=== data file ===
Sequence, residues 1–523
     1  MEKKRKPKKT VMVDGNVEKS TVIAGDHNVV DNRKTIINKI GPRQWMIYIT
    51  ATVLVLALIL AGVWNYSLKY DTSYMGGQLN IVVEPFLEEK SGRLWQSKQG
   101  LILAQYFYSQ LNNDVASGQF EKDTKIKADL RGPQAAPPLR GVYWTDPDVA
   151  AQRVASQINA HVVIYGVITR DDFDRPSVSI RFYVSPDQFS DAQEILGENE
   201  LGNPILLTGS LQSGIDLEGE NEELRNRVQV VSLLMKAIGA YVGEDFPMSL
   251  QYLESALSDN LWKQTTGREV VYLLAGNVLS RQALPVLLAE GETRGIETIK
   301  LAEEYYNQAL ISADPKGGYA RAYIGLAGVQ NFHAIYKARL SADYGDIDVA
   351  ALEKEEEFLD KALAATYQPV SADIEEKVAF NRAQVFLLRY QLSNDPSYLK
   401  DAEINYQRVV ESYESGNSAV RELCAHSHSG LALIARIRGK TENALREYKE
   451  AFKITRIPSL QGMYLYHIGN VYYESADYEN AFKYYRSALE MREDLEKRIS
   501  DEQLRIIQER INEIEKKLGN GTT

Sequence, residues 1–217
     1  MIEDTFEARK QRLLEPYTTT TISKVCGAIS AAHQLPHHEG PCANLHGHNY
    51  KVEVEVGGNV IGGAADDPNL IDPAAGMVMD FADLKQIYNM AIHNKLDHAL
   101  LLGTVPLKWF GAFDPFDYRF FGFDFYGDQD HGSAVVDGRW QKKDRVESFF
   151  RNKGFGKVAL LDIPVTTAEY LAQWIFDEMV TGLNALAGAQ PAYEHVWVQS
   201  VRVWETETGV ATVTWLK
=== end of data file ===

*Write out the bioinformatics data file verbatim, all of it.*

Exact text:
Sequence, residues 1–523
     1  MEKKRKPKKT VMVDGNVEKS TVIAGDHNVV DNRKTIINKI GPRQWMIYIT
    51  ATVLVLALIL AGVWNYSLKY DTSYMGGQLN IVVEPFLEEK SGRLWQSKQG
   101  LILAQYFYSQ LNNDVASGQF EKDTKIKADL RGPQAAPPLR GVYWTDPDVA
   151  AQRVASQINA HVVIYGVITR DDFDRPSVSI RFYVSPDQFS DAQEILGENE
   201  LGNPILLTGS LQSGIDLEGE NEELRNRVQV VSLLMKAIGA YVGEDFPMSL
   251  QYLESALSDN LWKQTTGREV VYLLAGNVLS RQALPVLLAE GETRGIETIK
   301  LAEEYYNQAL ISADPKGGYA RAYIGLAGVQ NFHAIYKARL SADYGDIDVA
   351  ALEKEEEFLD KALAATYQPV SADIEEKVAF NRAQVFLLRY QLSNDPSYLK
   401  DAEINYQRVV ESYESGNSAV RELCAHSHSG LALIARIRGK TENALREYKE
   451  AFKITRIPSL QGMYLYHIGN VYYESADYEN AFKYYRSALE MREDLEKRIS
   501  DEQLRIIQER INEIEKKLGN GTT

Sequence, residues 1–217
     1  MIEDTFEARK QRLLEPYTTT TISKVCGAIS AAHQLPHHEG PCANLHGHNY
    51  KVEVEVGGNV IGGAADDPNL IDPAAGMVMD FADLKQIYNM AIHNKLDHAL
   101  LLGTVPLKWF GAFDPFDYRF FGFDFYGDQD HGSAVVDGRW QKKDRVESFF
   151  RNKGFGKVAL LDIPVTTAEY LAQWIFDEMV TGLNALAGAQ PAYEHVWVQS
   201  VRVWETETGV ATVTWLK